The main reason the $65M, PG-13 film is getting an early IMAX push is the fact that “Everest” looks stunning in 3D, probably the best visuals since “Gravity,” and with that kind of word-of-mouth, Universal is likely hoping it encourages others to go see it in IMAX 3D next weekend when it opens wide, as tickets are exponentially higher.
Also in moderate wide release is Paramount’s true-story thriller, “Captive.” Shot for just $2M, the PG-13 film is courting the same faith-based African American audiences that have made “War Room” a hit, as well as “The Perfect Guy.”
In 800+ theaters it should easily match its budget, and likely double it on opening weekend.
In exclusive release, Bleecker Street makes their first move with the chess drama, “Pawn Sacrifice” starring Tobey Maguire and Liev Schrieber, while Lionsgate drops the Mexican cartel drama, “Sicario” featuring Emily Blunt, Benecio Del Toro, and Josh Brolin.
Both have been well received, and will be a breath of fresh air to art houses and eventually multiplexes, as audiences will have a lot of solid choices this weekend.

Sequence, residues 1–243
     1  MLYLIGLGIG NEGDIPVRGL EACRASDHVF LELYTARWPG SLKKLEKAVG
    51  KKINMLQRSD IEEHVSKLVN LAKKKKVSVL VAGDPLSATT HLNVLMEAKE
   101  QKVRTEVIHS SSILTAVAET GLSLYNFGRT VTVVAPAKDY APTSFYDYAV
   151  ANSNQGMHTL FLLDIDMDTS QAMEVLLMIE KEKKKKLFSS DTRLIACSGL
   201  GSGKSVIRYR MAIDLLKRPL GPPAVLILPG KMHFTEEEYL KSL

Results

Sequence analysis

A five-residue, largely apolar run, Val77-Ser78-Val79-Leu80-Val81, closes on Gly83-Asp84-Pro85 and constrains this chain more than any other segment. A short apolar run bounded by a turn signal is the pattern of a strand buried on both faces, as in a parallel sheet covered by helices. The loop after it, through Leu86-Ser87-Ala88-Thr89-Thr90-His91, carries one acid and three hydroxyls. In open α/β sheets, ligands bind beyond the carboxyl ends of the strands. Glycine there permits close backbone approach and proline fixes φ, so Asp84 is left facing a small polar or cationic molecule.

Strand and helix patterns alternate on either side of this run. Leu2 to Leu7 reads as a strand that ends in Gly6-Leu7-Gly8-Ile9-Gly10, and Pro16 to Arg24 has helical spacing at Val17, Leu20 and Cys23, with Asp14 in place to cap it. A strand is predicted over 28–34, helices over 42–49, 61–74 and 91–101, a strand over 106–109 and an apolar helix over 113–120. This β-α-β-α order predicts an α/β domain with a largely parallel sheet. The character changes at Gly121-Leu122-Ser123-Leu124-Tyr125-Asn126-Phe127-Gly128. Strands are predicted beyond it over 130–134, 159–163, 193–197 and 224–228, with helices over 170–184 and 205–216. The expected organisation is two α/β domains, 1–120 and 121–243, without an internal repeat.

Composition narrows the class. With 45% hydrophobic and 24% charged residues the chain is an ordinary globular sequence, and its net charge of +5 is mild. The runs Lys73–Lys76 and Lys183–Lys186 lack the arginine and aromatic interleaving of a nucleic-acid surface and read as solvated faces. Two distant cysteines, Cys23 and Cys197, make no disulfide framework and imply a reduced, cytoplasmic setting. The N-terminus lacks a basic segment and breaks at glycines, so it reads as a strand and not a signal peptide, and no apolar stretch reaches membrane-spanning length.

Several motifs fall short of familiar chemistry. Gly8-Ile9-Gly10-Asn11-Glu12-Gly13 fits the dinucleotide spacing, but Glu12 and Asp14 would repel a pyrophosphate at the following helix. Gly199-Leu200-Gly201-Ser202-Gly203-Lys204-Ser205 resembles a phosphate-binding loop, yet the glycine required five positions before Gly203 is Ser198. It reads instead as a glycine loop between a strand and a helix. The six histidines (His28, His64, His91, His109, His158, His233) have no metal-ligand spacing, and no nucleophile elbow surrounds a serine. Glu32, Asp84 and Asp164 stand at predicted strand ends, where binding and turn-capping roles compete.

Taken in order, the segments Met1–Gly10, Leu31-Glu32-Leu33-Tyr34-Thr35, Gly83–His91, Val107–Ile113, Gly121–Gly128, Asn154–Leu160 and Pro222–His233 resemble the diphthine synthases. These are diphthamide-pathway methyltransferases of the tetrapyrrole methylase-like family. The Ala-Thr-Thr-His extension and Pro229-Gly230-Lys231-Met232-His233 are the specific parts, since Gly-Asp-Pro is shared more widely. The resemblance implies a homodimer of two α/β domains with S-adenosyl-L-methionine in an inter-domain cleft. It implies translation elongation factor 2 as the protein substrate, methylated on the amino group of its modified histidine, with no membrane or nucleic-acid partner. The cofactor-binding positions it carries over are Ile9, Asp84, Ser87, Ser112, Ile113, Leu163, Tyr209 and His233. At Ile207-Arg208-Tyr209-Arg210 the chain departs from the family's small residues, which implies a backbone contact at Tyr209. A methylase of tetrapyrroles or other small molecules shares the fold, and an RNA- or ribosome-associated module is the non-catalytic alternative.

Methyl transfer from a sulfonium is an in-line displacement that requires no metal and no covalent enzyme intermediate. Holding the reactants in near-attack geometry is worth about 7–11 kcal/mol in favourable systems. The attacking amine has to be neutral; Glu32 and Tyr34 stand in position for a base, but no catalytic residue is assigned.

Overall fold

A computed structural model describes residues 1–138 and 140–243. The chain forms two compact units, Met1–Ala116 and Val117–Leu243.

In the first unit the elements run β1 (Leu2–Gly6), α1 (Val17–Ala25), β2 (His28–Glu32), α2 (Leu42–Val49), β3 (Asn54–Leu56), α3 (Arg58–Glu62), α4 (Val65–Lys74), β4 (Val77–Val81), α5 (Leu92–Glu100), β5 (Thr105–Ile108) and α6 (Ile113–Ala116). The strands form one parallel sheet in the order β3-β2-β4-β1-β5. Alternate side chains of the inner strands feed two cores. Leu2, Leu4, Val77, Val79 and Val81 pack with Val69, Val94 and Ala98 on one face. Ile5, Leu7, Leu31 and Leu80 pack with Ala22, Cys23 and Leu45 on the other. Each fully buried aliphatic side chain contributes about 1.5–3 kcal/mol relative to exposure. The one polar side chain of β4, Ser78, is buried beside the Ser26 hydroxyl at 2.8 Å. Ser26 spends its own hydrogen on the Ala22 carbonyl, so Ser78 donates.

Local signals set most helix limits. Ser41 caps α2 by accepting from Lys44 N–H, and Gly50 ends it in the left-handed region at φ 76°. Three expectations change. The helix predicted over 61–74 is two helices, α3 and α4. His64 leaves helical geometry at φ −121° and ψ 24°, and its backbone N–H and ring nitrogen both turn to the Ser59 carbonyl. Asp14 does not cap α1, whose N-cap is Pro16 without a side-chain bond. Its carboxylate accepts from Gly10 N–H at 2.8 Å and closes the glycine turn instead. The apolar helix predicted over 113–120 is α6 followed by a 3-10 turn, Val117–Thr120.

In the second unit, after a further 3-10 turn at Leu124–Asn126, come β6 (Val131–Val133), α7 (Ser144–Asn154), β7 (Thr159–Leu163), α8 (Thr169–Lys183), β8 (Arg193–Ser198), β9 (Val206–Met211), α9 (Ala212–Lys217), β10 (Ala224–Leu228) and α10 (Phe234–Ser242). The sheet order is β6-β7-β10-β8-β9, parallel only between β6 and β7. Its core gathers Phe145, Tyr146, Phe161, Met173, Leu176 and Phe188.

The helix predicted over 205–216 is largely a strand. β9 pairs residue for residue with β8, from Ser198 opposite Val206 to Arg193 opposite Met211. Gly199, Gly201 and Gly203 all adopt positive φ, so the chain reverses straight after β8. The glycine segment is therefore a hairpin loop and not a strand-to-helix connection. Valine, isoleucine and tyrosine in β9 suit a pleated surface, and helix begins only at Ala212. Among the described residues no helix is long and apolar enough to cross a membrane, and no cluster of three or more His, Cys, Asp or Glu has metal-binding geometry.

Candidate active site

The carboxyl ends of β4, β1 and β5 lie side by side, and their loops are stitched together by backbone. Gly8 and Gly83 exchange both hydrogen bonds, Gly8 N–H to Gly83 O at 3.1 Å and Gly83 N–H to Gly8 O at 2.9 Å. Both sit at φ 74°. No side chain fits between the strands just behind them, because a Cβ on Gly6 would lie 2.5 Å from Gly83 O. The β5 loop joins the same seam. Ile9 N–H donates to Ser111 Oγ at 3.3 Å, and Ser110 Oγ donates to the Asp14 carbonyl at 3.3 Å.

Is it just me, or has Maguire not aged in, like, twenty years? We need to bottle his essence.
Denis Villeneuve (“Incendies,” “Prisoners”) directs, which is reason enough to seek this out: “Sicario.” He’s another one of the most interesting young filmmakers out there right now, so it’s no surprise to see his R-rated film is one of the best-reviewed movies of the fall thus far. “Sicario” is budgeted at a modest $30M, expands into wide release October 2.
- Maze Runner: Scorch Trials – $36M
- Black Mass – $28M
- The Perfect Guy – $13M
- The Visit – $11M
- Everest – $7M
CHOICE CUT OF THE WEEK: Disney’s “The Jungle Book” (April 15, 2016)
Never underestimate Jon Favreau when he’s at the helm. All he’s done is make a fantastic collection of films including “Iron Man,” “Chef,” the wildly underrated “Zathura,” and the holiday classic, “Elf.”
PRIME CUT OF THE WEEK: Saban’s “Man Up” (Nov. 13, 2015)
Simon Pegg and Lake Bell have some pretty great chemistry here. I love it when actors look like they’re really having fun while pretending to have fun. Might not make it into many theaters, but definitely looks like a great addition for the rom-com crowd.